The idea behind this is that when we sweat, our concentration of sodium rises, causing an increase in osmotic pressure and intracellular dehydration. All this works to stimulate thirst, but, according to the theory, we are already partially dehydrated.
What we’ve been told. When the body loses fluid due to sweat, the extracellular concentration of sodium rises leading to a subsequent increase in osmotic pressure and intracellular dehydration. Osmoreceptors in the hypothalamus detect dehydration and signal other parts of the brain to stimulate the sensation of thirst. In extreme conditions such as malnutrition or when children are left in hot cars failure to react to thirst sensations by consuming fluid can have fatal consequences. (source)
What the BMJ says. Reviews of the performance of elite athletes showed better performance when their drinking was driven by thirst. One study found that performance levels were maintained provided loss of body water was between 1.8% and 3.2% of body weight. One study even showed that performance was improved with sweat induced dehydration of up to 2.3 percent, with the explanation that the athlete carries less body weight and exercise doesn’t have to be interrupted.
For the average person, it was mentioned that while the BMJ was unable to find any reports of death directly from dehydration, there are several reports of death from overhydration. By following advice to drink before thirst, many athletes are drinking too much, which doesn’t help performance and puts them at risk.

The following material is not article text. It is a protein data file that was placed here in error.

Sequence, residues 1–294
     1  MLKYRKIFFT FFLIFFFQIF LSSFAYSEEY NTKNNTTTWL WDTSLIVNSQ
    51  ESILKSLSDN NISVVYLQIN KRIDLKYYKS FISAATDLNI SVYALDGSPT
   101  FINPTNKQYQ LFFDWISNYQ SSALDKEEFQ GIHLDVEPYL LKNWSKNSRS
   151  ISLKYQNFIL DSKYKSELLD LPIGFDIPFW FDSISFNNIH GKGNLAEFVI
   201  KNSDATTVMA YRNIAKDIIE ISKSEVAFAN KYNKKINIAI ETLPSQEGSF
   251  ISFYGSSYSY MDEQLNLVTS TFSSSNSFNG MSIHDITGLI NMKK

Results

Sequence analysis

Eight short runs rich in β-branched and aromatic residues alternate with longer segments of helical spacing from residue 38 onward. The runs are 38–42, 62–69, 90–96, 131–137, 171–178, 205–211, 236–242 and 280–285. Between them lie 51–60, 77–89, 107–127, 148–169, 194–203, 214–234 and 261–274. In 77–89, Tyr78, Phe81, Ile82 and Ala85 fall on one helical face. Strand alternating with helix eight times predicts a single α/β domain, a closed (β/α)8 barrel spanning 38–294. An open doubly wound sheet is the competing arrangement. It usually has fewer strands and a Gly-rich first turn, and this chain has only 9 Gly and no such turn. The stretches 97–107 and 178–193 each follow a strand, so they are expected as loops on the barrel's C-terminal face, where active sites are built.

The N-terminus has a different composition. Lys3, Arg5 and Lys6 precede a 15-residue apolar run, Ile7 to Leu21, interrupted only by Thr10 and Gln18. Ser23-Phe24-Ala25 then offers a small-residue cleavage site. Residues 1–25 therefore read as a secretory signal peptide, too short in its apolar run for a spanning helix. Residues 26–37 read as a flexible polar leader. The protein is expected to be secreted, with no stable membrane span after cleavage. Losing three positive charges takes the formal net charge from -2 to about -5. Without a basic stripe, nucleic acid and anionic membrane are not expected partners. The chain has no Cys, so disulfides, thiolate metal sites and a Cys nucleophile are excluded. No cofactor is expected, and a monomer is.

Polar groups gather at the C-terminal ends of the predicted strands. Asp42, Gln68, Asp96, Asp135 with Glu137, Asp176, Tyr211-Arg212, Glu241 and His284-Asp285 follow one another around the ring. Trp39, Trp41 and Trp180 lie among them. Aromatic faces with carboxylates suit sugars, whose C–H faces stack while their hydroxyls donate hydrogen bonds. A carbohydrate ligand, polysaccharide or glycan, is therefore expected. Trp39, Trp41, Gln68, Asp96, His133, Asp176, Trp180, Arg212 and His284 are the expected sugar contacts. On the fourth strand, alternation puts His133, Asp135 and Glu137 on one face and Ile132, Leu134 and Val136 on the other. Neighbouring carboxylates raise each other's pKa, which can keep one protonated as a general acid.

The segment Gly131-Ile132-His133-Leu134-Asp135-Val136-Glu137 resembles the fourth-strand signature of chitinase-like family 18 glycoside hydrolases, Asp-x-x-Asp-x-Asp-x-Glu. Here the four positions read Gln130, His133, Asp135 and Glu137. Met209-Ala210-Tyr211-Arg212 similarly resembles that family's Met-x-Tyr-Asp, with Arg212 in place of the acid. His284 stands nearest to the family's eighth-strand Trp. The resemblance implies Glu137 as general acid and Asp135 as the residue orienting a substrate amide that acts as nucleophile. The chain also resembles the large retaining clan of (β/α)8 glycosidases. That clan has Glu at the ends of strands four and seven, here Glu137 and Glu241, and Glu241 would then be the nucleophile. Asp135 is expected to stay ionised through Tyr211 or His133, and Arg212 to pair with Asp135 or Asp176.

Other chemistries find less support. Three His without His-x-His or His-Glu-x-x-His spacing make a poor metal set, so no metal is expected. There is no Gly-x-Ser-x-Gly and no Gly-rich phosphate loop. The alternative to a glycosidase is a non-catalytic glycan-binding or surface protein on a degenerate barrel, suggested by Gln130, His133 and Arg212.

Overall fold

#3 Energy Drinks with Caffeine and Other Compounds Improve Performance
Many energy drinks make claims that scientific studies prove that carbohydrate drinks that contain stimulants such as caffeine, guarana, and taurine improve performance. Caffeine has long been used for such purpose, and when combined with the other compounds we are told that the combination is uniquely performance enhancing.
What we’ve been told. Caffeine has long been used to enhance sports performance, and energy supplements containing caffeine, in addition to other compounds, are purported to be uniquely performance enhancing when taken together. These include taurine, a sulphonic amino acid that is thought to increase skeletal muscle contractility while decreasing systemic vascular resistance; and guarana, which contains caffeine and related xanthines. Caffeine acts as a competitive inhibitor of adenosine on central nervous system receptors, and an inhibitor of phosphodiesterase. It increases heart rate and induces glycogen sparing, and is believed to enhance available energy stores. (source)